To increase familiarity with GNU/Linux for an average user, here I share you a detailed introduction to GNU/Linux so you can get acquainted and comfortable with GNU/Linux.
Following are some of the question answers I found during my usual searches on web and I am sure this one will be helpful for someone who would like to give a shot on GNU/Linux.
Understanding the term ‘Linux’ and ‘GNU’ – Linux is basically the engine for your operating system. The GNU/Linux naming controversy is a dispute among members of the Free and Open Source Software community over how to refer to the computer operating system commonly called Linux. GNU/Linux is a term promoted by the Free Software Foundation (FSF), its founder Richard Stallman, and its supporters, for operating systems that include GNU software and the Linux kernel.
Understanding the term ‘distribution (distro)’ – The distribution is the actual operating system. There are many Windows distributions like Windows Home Starter, Windows Home Premium, Windows Professional and Windows Server. Every distribution of Windows has a different audience. The same is the case with GNU/Linux. It has many distributions focusing on different target audience. The difference between GNU/Linux and Windows being that there are hundreds if not thousands of choices of GNU/Linux distributions and most of GNU/Linux distributions are free.
Selecting the right distribution for oneself – You can visit www.distrowatch.org which is a site that provides a list of the top 100 distributions. It also has a great search facility that allows you to search on the distribution type. For instance, if you are a novice to GNU/Linux you may want to try your hand in the world of GNU/Linux with the easier to use distributions. The benefit of these distributions being that most things work straight away and the menus are easy to navigate.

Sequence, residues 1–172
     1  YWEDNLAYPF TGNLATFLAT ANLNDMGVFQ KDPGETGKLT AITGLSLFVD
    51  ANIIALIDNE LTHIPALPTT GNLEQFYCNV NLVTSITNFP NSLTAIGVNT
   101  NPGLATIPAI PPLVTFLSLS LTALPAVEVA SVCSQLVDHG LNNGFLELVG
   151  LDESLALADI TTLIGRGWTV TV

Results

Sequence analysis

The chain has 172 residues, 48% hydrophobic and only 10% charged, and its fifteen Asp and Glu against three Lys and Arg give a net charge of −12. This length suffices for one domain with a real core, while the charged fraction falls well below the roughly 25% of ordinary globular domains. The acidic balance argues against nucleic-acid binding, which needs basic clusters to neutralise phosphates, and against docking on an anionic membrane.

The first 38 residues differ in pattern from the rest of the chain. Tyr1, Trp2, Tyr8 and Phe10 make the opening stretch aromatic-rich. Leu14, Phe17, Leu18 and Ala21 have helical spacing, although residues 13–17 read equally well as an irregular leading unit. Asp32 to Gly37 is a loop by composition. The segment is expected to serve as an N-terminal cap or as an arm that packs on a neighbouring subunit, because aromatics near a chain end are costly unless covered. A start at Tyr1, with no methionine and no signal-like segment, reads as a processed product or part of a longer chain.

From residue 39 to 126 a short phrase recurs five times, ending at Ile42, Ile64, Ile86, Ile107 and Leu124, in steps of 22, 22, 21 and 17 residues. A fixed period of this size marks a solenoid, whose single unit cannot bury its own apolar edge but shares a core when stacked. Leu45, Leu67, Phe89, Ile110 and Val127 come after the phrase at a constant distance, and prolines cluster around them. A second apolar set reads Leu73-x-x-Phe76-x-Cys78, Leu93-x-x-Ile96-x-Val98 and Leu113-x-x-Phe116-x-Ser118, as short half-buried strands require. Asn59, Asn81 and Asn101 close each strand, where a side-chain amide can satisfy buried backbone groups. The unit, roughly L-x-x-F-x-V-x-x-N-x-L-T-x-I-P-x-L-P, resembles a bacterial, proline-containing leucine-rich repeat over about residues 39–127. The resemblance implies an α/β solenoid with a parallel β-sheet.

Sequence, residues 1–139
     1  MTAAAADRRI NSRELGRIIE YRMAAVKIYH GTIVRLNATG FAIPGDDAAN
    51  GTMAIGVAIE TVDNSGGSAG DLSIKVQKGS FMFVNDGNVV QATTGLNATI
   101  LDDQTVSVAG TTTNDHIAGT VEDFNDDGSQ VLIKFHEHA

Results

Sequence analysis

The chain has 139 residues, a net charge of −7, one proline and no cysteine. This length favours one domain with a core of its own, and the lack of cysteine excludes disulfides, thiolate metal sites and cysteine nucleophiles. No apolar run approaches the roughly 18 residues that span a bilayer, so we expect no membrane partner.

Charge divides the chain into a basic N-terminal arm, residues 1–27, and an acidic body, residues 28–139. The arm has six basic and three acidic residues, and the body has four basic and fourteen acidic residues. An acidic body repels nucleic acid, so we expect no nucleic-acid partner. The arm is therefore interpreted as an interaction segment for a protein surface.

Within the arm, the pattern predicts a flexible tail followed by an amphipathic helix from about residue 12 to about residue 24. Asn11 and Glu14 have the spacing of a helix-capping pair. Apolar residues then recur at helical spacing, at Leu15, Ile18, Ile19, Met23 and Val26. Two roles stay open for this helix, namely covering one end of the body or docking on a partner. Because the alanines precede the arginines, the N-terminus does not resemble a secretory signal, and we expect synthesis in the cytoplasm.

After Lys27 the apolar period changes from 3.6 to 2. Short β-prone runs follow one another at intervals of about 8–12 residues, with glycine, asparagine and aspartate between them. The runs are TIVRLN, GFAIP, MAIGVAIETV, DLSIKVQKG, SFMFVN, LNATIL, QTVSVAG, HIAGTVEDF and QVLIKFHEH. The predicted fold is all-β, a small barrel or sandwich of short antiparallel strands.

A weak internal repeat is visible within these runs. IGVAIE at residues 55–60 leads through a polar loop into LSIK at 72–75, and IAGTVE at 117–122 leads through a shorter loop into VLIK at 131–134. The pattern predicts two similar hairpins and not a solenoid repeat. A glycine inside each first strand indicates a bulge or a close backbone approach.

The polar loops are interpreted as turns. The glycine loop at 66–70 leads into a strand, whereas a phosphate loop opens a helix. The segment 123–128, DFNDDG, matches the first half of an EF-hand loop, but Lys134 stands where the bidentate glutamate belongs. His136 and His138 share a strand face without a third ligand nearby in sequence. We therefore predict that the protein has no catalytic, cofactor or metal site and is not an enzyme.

Understanding the desktop environment – The desktop environment consists of a series of menus, taskbars, windows and keyboard shortcuts that you make use of to launch and run applications. In the case of Windows 7, the desktop environment has a taskbar at the bottom. The taskbar is divided between the Start icon, quick launch icons, opens applications (tasks) and the system tray which includes the clock. After clicking on the start button, a menu appears and you can search for programs or use the menus for navigating for the programs you want to run.
Understanding how to install GNU/Linux and keep Windows – Many people don’t want to do away with Windows when they initially start using GNU/Linux. You can tryout the live CD initially as certain GNU/Linux distributions can run from inside Windows or as well as Windows without affecting the Windows install at all. Distributions if not running from within Windows permit you to install the GNU/Linux distribution with Windows so that when are booting your PC you can select whether to use Windows or the GNU/Linux distribution.
Obtaining Support for GNU/Linux – GNU/Linux has forums for its major distributions from where you can take help. Many people are friendly and go to great lengths to help. In case the forums don’t assist, then you have the ICQ chat rooms. If these do not work then there is Google. The best site that can help you is of course YouTube. You can watch video tutorials created by people who have dedicated a lot of time in recording it.
Why GNU/Linux in Place of Windows – Switching to GNU/Linux will offer you a level of protection against getting viruses and leaving you feeling more secure. In case your machine is running slowly or is getting old then you may not be able to upgrade to a later version of Windows. Remaining on the current version of Windows is an alternative but support will go and there is every chance that security holes will be located and unplugged. Using a version of GNU/Linux that is designed for older computers will offer you peace of mind that you are using an operating system created for you. It will receive active support by developers.